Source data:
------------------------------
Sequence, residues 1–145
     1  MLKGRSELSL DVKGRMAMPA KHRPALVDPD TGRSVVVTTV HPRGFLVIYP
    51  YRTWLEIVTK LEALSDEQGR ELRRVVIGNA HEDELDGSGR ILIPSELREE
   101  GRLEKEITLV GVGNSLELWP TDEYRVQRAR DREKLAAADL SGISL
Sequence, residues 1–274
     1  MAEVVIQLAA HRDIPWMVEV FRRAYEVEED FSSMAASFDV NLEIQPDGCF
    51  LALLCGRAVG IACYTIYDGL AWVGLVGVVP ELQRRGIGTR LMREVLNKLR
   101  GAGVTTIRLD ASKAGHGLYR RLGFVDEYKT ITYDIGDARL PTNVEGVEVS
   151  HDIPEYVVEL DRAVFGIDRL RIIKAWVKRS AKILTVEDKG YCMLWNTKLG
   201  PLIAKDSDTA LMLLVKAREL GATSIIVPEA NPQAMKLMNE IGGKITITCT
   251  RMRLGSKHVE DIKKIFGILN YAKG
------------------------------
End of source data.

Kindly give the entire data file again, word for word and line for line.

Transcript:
Sequence, residues 1–145
     1  MLKGRSELSL DVKGRMAMPA KHRPALVDPD TGRSVVVTTV HPRGFLVIYP
    51  YRTWLEIVTK LEALSDEQGR ELRRVVIGNA HEDELDGSGR ILIPSELREE
   101  GRLEKEITLV GVGNSLELWP TDEYRVQRAR DREKLAAADL SGISL
Sequence, residues 1–274
     1  MAEVVIQLAA HRDIPWMVEV FRRAYEVEED FSSMAASFDV NLEIQPDGCF
    51  LALLCGRAVG IACYTIYDGL AWVGLVGVVP ELQRRGIGTR LMREVLNKLR
   101  GAGVTTIRLD ASKAGHGLYR RLGFVDEYKT ITYDIGDARL PTNVEGVEVS
   151  HDIPEYVVEL DRAVFGIDRL RIIKAWVKRS AKILTVEDKG YCMLWNTKLG
   201  PLIAKDSDTA LMLLVKAREL GATSIIVPEA NPQAMKLMNE IGGKITITCT
   251  RMRLGSKHVE DIKKIFGILN YAKG